Despite missing playoffs, Clippers proud of 17-18 season

Despite missing playoffs, Clippers proud of 17-18 season

by Caden Kinard

LOS ANGELES — Following the conclusion of the 2017-18 season, despite missing the playoffs, the Clippers organization was filled with positivity as the team reflected on their accomplishments over the past year.

“I challenge any team to lose three or four starters for most of the year and finish with the record we did,” said Clippers coach Doc Rivers.

Ending the season with a record of 42-40, the Clippers fought tooth and nail, game after game, overcoming a myriad of injuries which forced different lineups and rotations to form regularly. It took 79 games before LA was officially eliminated from playoff contention. In total, the Clippers used 37 different starting lineups, a league-high. The next closest teams were the Suns, Kings and Grizzlies, all of whom ended the season near the bottom of the league’s standings.

“Chemistry is one of those things that is hard to define, but you know when you have it and you know when you don’t,” said Clippers President of Basketball Operations Lawrence Frank. “I think the fact that this group showed so much resolve, they kept fighting back even when we would dig some holes, it’s because they truly cared about each other.”

To begin the season, the Clippers roster included nine new players, after representing one of the NBA’s most consistent rosters over the previous few seasons. By midseason, three new players arrived after LA traded Blake Griffin to the Pistons, making it 12 new guys. Then, there’s the three two-way players who frequently flew to join the team on game days only, creating nearly an unrecognizable roster.

“I don’t know if those guys know any of y’all’s names,” Clippers guard Lou Williams once said in a team huddle during the middle of a game. “I’m not sure they know who you are.”

Still, the Clippers persevered, anchored by Williams and center DeAndre Jordan. In his 13th season, “Sweet Lou” averaged 22.6 points and 5.3 assists – both career-highs – becoming the first player in league history to hit those marks as a reserve. In January, Williams set the basketball world ablaze, scoring 50 points at Golden State on Jan. 10, recording 31 points and 10 steals in Utah on Jan. 20, and adding a 40-point, 10-assist game at Memphis on Jan. 26, only the third player in history to do so off the bench. Williams’ play and leadership was rewarded with a multi-year contract, providing the Sixth Man of the Year favorite with the stability he’s been longing for.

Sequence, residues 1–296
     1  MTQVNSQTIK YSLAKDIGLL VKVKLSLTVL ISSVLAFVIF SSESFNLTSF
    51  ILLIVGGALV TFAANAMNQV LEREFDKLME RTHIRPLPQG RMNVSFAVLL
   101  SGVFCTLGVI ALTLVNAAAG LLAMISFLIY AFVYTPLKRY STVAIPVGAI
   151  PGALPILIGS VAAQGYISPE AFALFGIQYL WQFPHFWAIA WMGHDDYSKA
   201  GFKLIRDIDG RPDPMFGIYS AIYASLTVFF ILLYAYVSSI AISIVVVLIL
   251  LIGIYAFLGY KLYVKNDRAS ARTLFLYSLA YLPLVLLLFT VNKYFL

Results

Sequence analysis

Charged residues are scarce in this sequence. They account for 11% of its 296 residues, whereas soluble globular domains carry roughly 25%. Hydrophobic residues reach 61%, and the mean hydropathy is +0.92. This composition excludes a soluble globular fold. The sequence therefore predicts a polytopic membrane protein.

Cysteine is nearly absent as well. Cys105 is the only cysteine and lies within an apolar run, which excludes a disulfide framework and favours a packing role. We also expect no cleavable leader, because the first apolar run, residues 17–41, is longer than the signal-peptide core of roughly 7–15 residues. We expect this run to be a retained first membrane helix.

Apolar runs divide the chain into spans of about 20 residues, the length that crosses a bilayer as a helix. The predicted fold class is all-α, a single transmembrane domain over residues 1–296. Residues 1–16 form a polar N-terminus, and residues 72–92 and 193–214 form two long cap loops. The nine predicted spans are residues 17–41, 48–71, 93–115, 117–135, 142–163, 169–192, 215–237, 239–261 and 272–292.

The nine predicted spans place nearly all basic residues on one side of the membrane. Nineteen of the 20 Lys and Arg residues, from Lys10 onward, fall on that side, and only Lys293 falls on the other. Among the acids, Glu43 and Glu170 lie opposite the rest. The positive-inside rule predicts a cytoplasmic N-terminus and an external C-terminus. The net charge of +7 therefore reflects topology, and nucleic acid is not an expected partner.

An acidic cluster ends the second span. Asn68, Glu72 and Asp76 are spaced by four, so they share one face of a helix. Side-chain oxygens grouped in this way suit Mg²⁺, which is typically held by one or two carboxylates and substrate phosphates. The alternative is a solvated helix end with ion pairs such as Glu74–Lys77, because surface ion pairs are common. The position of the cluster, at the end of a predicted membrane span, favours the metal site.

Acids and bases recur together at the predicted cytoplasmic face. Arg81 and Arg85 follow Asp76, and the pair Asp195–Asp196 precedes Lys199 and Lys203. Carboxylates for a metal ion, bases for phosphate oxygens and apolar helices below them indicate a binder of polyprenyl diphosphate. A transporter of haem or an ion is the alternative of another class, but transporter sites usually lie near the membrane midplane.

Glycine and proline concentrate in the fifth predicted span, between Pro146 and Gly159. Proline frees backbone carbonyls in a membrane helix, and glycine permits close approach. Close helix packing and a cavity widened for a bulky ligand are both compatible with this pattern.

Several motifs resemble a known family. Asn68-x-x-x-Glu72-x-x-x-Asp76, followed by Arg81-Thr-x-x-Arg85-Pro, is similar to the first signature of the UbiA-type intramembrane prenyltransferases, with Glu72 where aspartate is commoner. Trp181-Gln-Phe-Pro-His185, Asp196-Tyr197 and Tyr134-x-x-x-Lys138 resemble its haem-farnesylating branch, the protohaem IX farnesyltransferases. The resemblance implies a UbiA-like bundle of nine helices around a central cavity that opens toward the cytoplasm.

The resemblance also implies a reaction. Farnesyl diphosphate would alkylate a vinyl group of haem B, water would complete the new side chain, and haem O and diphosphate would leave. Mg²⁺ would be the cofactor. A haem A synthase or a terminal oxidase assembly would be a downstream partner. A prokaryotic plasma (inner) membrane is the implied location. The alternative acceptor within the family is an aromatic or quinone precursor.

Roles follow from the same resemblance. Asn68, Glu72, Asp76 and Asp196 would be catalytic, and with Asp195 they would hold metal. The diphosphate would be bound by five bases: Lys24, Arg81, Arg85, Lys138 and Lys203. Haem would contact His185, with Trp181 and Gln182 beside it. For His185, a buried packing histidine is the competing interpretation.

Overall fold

"It was nice for this organization to commit to me the same way I've committed to these guys this year," Williams said. "In years past, these scenarios don't usually go my way. So it was nice for one to go my way and be somewhere I wanted to be."

Jordan, in his 10th year with the Clippers, climbed to the top of the franchise record books for games played, passing Randy Smith as the most tenured Clipper ever. He finished the season with a career-high 15.2 rebounds per game, ranking second in the NBA. Recording 46 double-doubles on the season, Jordan sits one behind Elton Brand for most in Clippers history, a mark he’s sure to pass next season if he returns. But Jordan headlines some of the questions regarding the team’s future.

Jordan has a player-option on his contract, meaning he can either opt-in for another year, or he could decide to become a free agent and test the open market. The same is true for guards Austin Rivers and Milos Teodosic, and forward Wesley Johnson. Guard Avery Bradley and forward Montrezl Harrell are both free agents. The Clippers, most likely, will also have two top-15 draft picks in this year’s draft.

“When you look at the draft and you look at our two picks, obviously we’ll be in position to get two very good players,” Frank said. “We’ll also potentially be in a position where we can package both of those picks and move up, and we may be in a position where we can take one of those picks and move down to get a future asset. We just have more chips and when you look at our roster and trying to build a championship roster, we just know we’re a little bit short-handed on young, emerging talent, and this gives us a great runway to start that process.”

Whatever happens going forward, the Clippers are looking back on the past season with pride, defying expectations while playing with passion and energy that will surely create a lasting memory within Clipper Nation.

“We won a lot of games against teams that are better than us and I thought as a group, I don’t think I have been more proud of a group, maybe ever, than I have been of this group,” Rivers said. “We have asked a lot of guys to do a lot of stuff that they should not have had to do and yet they did it.”